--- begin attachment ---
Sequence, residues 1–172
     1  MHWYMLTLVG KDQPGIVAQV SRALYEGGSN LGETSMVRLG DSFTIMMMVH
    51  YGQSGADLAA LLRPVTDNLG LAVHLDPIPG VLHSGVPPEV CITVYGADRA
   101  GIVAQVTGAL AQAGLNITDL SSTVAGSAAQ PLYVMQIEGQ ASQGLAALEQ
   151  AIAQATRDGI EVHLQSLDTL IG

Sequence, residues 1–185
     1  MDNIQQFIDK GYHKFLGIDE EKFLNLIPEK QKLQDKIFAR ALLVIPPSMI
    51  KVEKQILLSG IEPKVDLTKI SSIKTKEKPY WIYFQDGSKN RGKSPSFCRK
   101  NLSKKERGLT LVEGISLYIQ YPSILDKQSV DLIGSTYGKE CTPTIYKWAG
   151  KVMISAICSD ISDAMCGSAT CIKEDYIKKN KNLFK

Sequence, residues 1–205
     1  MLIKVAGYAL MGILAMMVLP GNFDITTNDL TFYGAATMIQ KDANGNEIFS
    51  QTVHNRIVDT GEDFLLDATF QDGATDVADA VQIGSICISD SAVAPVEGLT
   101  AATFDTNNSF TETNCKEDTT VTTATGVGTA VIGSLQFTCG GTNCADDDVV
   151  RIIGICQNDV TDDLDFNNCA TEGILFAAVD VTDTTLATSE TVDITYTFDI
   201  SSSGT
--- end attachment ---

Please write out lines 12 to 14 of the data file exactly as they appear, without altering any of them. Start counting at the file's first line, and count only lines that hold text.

     1  MLIKVAGYAL MGILAMMVLP GNFDITTNDL TFYGAATMIQ KDANGNEIFS
    51  QTVHNRIVDT GEDFLLDATF QDGATDVADA VQIGSICISD SAVAPVEGLT
   101  AATFDTNNSF TETNCKEDTT VTTATGVGTA VIGSLQFTCG GTNCADDDVV